It’s no surprise that parents are upset about proposals to close some Charleston County neighborhood schools and partial-magnet programs.
Change is difficult, particularly if we don’t have reason to believe it will lead to improvement — and especially when it involves our children’s education.
District staff recommended the board to remove the partial magnet status of nine schools across the county.
Parents chose the partial-magnet schools because they believe their children will get a better education there than in their neighborhood schools. And in many cases, it was the magnet schools that convinced parents to keep their kids in public schools rather than sending them to private schools, which drains our schools of the engagement and political support they need to succeed over the long haul.
Parents with children in the shrinking neighborhood schools that could be merged or closed are equally concerned that their children would suffer from the change, and suspicious of the district’s motives.
It’s not the case, as one parent said at a recent forum, that the job of the school board is to listen to parents’ concerns and “do what they want you to do.” It is the board’s job, though, to recognize parents’ angst and the importance of their active engagement. It is the board’s job to adjust its proposals when parents raise legitimate concerns, for example considering less extreme ways to reduce inequalities in partial magnets, and ensuring it will provide a strong curriculum if a magnet program is eliminated.
So we’re glad to see Superintendent Gerrita Postlewait and the school board providing forums, and trying to better explain what the complex problems are that they hope to address.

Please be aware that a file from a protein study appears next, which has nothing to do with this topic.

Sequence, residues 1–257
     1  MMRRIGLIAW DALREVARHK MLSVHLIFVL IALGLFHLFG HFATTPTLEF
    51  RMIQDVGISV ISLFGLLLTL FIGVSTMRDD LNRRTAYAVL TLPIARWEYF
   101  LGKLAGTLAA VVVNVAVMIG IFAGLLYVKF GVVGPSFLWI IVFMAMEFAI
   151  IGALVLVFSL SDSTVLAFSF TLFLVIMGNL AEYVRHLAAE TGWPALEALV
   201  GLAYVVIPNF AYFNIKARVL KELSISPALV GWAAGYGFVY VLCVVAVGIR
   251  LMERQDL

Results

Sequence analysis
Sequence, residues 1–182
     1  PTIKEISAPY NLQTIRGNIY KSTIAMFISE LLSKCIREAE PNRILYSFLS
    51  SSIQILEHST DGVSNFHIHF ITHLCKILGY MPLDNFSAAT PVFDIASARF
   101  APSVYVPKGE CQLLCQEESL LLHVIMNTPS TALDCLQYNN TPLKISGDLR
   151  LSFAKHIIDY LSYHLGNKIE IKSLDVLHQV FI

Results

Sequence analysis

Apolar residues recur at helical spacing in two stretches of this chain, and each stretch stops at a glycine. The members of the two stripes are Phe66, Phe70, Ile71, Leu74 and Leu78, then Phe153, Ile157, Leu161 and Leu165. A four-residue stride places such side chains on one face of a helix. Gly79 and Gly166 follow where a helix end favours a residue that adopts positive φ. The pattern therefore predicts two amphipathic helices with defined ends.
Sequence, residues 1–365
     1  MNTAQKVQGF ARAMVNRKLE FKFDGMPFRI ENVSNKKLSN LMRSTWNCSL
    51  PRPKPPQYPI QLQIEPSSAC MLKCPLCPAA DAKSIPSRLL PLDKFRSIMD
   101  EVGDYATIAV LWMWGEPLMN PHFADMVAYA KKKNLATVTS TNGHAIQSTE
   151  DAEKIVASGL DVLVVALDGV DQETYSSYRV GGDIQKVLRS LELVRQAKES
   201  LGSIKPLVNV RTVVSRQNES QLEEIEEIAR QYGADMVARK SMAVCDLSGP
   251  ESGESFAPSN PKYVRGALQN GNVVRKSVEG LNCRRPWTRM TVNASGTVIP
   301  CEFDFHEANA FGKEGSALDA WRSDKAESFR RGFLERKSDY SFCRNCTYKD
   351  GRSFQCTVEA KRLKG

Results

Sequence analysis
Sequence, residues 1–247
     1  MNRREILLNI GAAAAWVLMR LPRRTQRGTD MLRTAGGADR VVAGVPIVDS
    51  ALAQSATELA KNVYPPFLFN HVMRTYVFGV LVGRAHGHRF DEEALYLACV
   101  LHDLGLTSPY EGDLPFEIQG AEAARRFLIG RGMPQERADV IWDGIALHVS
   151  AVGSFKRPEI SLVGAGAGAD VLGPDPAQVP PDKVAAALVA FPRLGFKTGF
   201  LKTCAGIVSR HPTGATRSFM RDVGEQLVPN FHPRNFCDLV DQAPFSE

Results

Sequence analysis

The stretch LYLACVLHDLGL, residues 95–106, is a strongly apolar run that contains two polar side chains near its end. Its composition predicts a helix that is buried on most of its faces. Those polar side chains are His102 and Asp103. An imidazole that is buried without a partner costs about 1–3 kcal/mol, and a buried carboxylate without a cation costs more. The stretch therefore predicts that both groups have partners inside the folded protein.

In the 65 years since the Supreme Court’s Brown v. Board of Education desegregation decision, several mostly black elementary public schools in Charleston have yet to be integrated to anywhere near the city’s white-black racial proportions of 60/40. But finally, these schools may become racially diverse.
The problems are connected, and grew out of and exacerbated a vicious cycle: The district’s partial-magnet program was designed to energize schools and reduce a trend of declining enrollment, by offering a special curriculum with extra funding. The idea was that both the old and the new students would benefit from this arrangement.
But while better principals, better teachers and extra funding can make a big difference, a school’s success is also influenced by what the students bring to school, so the neighborhood schools suffered from losing some of their best students, and also from the loss of sheer numbers. And because the district didn’t provide transportation to the partial-magnet schools, the most economically disadvantaged students often were the ones left behind.
For their part, partial-magnet school parents need to be willing to recognize that economic and racial inequities are problems and that when the district spends more on the schools their kids attend, it spends less on other schools. And neighborhood-school parents need to be willing to recognize that many schools are simply too small to provide children with a broad spectrum of programs and opportunities.
The county’s other constituent district schools will also have needs to be addressed in the future, but our immediate focus is on these four areas that are deemed most critical.
The district also must communicate specific plans to improve neighborhood schools if most partial magnets are eliminated. “The minute you eliminate these, have you hired the replacement teachers in the neighborhood schools to make these exact same offerings? I don’t see this happening in real time,” board member Cindy Bohn Coats said at a meeting in September. “I see you taking away a solution, hoping that it builds a population that eventually increases the program offering, and I don’t think that’s the right way to do this.”
It’s understandable that parents feel like they were caught off guard by the district’s proposals, some of which appear to back away from the district’s important commitment to public-school choice. But the answer isn’t to simply reject those ideas. It’s to suggest alternatives. It’s to work collaboratively to hone the suggestions and alternatives. It’s to trust that district officials are acting in good faith — and for district officials to extend that same courtesy to worried parents — as they try to solve a problem with no simple solutions.